Maple Leaf Foods, currently under the stewardship of Wallace McCain’s son, Michael, continued tying up loose ends on a seven-year overhaul of the company’s operations. Its bakery division, Canada Bread, has been sold, factories shuttered and more than 1,000 jobs cut. But the resulting Maple Leaf is a leaner and more efficient operation, making it better able to compete with low-cost international meat processors. The centrepiece of the restructuring is a new $400-million plant in Hamilton, Ont., that can pump out 750 hot dogs per minute.
The McCain family’s success hasn’t been without conflict. Wallace McCain was exiled from McCain Foods after a family disagreement, leading him to purchase Maple Leaf Foods in 1995 in partnership with the Ontario Teachers’ Pension Plan Board. Wallace served as CEO until 1999, when Michael succeeded him.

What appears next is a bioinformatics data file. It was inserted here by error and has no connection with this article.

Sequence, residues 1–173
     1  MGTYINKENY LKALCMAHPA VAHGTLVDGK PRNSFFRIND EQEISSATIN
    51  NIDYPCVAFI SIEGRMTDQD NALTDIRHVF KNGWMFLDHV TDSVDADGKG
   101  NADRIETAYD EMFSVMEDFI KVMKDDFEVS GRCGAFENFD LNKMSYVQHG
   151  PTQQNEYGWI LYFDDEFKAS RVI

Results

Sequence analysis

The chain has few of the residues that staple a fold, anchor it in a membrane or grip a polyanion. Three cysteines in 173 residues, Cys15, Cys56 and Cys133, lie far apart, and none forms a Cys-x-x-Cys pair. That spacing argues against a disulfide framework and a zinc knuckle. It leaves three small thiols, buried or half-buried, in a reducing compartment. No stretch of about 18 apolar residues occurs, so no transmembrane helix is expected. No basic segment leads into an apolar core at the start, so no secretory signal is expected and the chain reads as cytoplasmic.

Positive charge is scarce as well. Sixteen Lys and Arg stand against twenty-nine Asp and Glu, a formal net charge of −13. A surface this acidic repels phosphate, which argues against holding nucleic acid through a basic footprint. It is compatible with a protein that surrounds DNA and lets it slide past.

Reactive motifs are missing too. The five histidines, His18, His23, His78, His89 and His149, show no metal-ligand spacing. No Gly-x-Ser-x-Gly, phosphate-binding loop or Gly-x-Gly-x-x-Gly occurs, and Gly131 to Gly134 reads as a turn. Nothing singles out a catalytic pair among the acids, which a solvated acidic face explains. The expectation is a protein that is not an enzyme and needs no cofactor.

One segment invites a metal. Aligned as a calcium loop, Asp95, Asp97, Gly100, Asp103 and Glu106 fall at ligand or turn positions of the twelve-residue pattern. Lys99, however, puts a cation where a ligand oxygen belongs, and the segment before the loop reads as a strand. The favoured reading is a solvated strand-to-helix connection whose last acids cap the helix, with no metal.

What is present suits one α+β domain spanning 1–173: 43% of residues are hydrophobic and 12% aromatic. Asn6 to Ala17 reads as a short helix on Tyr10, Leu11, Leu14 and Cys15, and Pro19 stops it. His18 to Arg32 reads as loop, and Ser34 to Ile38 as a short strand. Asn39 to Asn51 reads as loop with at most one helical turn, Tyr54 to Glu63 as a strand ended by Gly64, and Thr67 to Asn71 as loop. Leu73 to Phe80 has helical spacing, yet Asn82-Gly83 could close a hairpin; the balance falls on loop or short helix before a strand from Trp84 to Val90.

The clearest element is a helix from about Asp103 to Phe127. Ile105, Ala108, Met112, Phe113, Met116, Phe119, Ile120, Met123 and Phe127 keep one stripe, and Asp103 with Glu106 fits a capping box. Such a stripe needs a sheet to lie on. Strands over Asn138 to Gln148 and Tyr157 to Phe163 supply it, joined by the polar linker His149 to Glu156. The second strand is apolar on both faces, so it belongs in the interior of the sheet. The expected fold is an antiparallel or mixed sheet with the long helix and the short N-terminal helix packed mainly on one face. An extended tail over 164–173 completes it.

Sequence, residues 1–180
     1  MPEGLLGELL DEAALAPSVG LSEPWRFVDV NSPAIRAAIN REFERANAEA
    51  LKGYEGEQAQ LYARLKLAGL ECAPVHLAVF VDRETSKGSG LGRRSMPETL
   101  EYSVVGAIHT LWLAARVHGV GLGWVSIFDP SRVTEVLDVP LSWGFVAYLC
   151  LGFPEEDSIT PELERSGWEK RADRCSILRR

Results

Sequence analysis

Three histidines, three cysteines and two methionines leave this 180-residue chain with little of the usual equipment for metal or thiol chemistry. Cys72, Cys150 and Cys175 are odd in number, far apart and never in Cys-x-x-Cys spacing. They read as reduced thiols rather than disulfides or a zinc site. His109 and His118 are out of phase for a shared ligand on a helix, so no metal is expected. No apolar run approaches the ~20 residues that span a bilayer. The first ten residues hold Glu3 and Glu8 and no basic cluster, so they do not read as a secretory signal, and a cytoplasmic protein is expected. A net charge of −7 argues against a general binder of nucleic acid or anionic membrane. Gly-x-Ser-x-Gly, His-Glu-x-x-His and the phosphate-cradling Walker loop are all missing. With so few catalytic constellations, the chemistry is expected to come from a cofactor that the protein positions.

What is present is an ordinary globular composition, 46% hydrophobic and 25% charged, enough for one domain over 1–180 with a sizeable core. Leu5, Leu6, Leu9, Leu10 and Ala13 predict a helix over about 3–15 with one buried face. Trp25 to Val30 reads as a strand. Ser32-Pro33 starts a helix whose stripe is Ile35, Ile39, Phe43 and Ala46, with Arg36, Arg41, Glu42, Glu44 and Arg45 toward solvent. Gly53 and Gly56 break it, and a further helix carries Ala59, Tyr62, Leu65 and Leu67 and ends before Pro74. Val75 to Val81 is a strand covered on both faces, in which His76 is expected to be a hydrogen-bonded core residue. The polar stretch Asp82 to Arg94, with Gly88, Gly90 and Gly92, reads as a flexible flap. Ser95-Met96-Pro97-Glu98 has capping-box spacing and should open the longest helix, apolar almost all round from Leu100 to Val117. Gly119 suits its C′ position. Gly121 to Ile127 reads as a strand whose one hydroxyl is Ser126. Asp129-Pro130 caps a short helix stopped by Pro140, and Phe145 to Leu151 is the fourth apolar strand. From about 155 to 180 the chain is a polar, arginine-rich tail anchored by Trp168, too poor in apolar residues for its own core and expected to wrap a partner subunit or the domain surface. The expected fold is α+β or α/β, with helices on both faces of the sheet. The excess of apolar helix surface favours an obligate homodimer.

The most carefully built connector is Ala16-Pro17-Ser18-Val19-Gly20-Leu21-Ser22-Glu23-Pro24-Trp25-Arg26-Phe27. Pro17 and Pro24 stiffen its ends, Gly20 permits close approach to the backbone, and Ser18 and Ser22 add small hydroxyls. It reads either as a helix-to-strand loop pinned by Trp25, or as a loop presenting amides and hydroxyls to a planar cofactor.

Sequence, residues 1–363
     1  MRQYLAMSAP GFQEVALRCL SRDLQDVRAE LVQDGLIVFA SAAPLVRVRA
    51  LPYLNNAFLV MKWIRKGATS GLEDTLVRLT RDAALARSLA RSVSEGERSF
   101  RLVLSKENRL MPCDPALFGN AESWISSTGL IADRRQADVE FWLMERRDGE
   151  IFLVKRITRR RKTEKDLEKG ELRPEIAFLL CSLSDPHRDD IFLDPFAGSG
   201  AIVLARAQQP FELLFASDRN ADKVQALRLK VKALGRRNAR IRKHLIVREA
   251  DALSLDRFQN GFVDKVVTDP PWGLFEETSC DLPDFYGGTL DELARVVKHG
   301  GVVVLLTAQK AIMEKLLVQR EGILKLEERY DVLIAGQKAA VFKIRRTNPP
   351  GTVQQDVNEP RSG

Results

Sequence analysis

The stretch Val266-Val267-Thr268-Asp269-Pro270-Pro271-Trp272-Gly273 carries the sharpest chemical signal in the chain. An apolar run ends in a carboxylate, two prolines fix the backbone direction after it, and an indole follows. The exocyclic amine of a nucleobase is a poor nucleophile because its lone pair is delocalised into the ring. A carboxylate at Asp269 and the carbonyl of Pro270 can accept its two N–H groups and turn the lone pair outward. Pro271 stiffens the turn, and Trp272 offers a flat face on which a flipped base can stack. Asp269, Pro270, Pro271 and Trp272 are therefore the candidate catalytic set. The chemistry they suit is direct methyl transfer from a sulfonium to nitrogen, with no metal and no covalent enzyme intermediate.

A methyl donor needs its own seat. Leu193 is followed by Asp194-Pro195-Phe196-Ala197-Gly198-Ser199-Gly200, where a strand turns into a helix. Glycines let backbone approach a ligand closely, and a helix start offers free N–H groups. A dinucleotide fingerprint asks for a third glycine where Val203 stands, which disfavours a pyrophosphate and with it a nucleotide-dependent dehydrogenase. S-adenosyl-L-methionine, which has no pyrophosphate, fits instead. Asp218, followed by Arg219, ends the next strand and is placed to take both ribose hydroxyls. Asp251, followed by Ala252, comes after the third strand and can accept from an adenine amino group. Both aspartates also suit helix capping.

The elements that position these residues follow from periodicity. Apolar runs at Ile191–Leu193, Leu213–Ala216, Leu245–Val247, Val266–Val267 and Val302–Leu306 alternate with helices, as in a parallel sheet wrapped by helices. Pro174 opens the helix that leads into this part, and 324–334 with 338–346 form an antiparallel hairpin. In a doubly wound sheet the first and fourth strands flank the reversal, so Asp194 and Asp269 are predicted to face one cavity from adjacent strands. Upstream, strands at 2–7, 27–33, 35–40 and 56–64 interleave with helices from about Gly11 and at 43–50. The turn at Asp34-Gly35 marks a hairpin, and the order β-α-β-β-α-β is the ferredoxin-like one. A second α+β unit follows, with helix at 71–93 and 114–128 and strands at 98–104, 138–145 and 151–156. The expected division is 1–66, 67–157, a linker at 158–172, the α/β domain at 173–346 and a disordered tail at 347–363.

The split between Wallace and his brother, Harrison, actually concerned Michael’s suitability to take over the McCain empire. Although Maple Leaf has faced its share of challenges, Michael has proven to be an adept leader, navigating through a listeria crisis in 2008, returning the company to profitability and sending its stock price up 20% in the past year.
Updated Thursday, November 9, 2017